May 12, 2016

Why Lead Validation Can Make or Break Your Marketing

This article is a guest contribution from Michael Brenner, CEO of Marketing Insider Group and co-author of The Content Formula. Michael has been recognized as a Forbes Top CMO Influencer, Top B2B Marketer, Content Marketer, and Social Media Marketer.


According to a recent study by Straight North, only half of the leads you generate are legitimate sales leads (click to tweet). The rest are a hodgepodge of false conversions including customer service inquiries, sales solicitations, misdials, spammy form submissions, and even job applicants. This comes from an analysis of more than 373,000 inquiries over a period of 18 months. 

ALSO READ: Why Every B2B Marketer Needs to Know About Data Verification

If your leads are invalid, you’ll overestimate the ROI of your marketing efforts and waste time on tactics and campaigns that don’t work. Whether you’re running SEO, pay-per-click, social media, or display campaigns, practicing lead validation is a critical success factor. Without it, you cannot accurately evaluate — and thus cannot improve — your efforts.

How Lead Validation Works

Lead validation is the process of separating qualified sales leads from other types of conversions generated by your marketing campaigns. Non-sales leads are more than simply unqualified; they’re leads that would be a waste of time to pursue. Someone looking for a job or conducting research for an academic paper is hardly worth a follow-up call. Nevertheless, they end up in your database.

The validation process helps you separate value from dross and determine which campaign elements are driving qualified sales leads.

The validation process helps you separate value from dross and determine which campaign elements are driving qualified sales leads. Armed with this knowledge, you can adjust your strategy and spend to maximize marketing ROI.

The First Visit is the Moment of Truth

The Straight North study found that roughly 85 percent of visitors who convert into sales leads do so on their first visit (click to tweet). That means it’s critically important for brands to own the “digital destination” (i.e. landing page, blog article, online tool) and publish the relevant, educational content they’re looking for.

Buyers are looking for the company that can best solve their business challenges; they often make this decision based on the quality of website and content they find. And in many cases, they only become a sales lead for their top choice.

Conversion rate attribution drops to 10 percent for the second visit and 3 percent for the third visit. On the fourth and following visits, conversion attribution is a dismal one percent. What does that mean? It means B2B buyers are a lot more decisive than we credit them to be. They can develop strong interest in a vendor and decide to opt-in after 15 minutes on their site, or even five minutes on a blog post.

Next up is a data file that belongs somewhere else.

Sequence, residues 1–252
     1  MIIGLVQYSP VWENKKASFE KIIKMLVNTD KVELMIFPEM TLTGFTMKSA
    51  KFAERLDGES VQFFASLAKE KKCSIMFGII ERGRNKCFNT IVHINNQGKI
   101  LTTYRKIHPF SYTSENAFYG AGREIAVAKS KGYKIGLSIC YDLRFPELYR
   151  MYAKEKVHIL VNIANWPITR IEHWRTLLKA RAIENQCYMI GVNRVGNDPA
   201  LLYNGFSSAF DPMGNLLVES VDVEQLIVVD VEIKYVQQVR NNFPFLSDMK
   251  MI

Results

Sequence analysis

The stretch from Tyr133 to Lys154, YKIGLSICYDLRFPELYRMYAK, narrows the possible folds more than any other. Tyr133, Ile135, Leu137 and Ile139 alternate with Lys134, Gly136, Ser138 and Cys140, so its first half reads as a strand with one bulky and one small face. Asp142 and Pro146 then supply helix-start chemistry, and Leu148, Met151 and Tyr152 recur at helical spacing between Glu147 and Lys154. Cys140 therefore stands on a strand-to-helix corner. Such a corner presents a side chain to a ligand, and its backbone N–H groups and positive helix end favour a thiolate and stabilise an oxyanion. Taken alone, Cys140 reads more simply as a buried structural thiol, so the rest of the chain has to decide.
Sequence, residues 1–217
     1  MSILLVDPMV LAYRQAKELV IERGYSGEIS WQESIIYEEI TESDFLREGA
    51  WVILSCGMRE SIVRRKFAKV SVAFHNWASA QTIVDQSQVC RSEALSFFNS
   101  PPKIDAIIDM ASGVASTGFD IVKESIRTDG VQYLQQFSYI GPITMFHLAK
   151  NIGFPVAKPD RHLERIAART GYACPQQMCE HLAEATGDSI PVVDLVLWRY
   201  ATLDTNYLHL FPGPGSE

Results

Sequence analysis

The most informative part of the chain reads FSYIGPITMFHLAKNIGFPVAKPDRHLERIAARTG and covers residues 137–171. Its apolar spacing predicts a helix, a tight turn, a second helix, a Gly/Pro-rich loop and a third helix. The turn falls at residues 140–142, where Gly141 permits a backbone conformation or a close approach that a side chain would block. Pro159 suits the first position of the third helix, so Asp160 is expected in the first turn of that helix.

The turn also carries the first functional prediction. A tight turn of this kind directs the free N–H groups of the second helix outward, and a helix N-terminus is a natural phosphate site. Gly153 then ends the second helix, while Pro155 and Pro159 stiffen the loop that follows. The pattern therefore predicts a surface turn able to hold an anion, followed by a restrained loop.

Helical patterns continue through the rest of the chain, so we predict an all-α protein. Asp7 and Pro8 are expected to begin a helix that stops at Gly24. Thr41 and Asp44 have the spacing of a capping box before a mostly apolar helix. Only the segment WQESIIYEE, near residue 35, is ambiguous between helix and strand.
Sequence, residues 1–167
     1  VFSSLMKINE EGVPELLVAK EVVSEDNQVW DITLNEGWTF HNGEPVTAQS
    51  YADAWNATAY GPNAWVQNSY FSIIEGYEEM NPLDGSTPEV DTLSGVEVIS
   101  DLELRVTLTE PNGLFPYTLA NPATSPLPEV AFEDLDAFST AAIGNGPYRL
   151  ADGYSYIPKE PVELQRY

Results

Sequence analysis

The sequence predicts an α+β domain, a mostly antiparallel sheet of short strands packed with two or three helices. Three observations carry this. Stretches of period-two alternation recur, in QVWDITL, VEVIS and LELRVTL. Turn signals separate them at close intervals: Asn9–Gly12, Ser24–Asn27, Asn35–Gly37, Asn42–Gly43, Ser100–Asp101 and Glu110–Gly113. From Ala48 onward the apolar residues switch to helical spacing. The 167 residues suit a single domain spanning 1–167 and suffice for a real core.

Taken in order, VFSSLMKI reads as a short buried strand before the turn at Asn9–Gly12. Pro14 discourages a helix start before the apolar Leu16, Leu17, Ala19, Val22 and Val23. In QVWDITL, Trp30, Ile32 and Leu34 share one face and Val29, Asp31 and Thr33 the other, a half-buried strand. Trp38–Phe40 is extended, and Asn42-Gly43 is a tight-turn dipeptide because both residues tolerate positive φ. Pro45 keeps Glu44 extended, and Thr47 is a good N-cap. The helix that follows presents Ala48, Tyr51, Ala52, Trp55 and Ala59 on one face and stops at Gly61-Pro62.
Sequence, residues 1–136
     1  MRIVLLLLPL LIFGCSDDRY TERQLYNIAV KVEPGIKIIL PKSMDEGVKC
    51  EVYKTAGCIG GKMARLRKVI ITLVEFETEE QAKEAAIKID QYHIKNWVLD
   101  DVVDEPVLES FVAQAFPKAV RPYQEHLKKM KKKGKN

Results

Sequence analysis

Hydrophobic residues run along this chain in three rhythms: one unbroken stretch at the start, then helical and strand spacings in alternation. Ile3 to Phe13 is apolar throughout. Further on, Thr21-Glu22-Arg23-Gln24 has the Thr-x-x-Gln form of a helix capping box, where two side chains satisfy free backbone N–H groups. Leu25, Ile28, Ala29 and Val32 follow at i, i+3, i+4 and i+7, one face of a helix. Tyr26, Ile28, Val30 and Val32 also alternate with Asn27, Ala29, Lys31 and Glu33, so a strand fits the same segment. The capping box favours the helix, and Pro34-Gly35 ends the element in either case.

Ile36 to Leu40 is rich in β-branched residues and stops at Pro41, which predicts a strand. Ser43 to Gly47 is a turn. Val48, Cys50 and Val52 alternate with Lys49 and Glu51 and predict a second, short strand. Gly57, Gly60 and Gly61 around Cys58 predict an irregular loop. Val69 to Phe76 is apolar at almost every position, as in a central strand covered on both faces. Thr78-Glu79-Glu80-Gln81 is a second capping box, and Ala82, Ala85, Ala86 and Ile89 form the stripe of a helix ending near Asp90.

But again, not all of these first-visit conversions will be valid. Many who are eager to call or complete web forms have ulterior motives.

Lead Tracking and Validation Challenges

Most marketing teams use Google Analytics and other, similar tools to track web data and evaluate campaigns. But these solutions have clear limitations in their ability to track and validate leads. If Straight North’s data makes anything clear, it’s that marketers need a tool that provides deeper, more explicit insight into the lead acquisition process — typically, a marketing automation system.

Web analytics tools are only capable of tracking form submission volume; they provide little to no qualitative analysis. They are also incapable of tracking call data, which excludes as much as 60 percent of all leads generated.

ALSO READ: When Marketing Technology Fails

If you can’t view actual form submission data before it goes to sales, you cannot validate that form submission as a legitimate sales lead.

Lead Validation Connects Campaigns with Performance

When your ROI and cost-per-lead calculations are based on data that’s only 50 percent accurate or complete, it will be difficult to make informed decisions about marketing campaigns.

For example, you may be investing more in paid search conversions than paid social, when it should really be the other way around. As a result, your campaigns yield minimal returns or even net losses. Meanwhile, your sales team is starving for qualified leads, and you can’t figure out the source of the problem.

Through an effective lead validation process, marketers can identify the source of every validated lead and decide which leads should be passed to sales based on their level of qualification. Lead validation also helps you improve the accuracy of cost-per-lead and cost-per-conversion metrics.

* * *

Modern marketing is all about making informed decisions and building your campaigns around accurate data. If you don’t know when and why leads are converting, and if you can’t filter out invalid conversions, you may find yourself in an uncomfortable meeting with the CFO. The validation process isn’t easy, but it’s the only way to align lead generation campaigns with lead generation performance.

__

This article was republished with permission from Marketing Insider Group. Click here to see the original.

Looking for software? Try our Product Selection Tool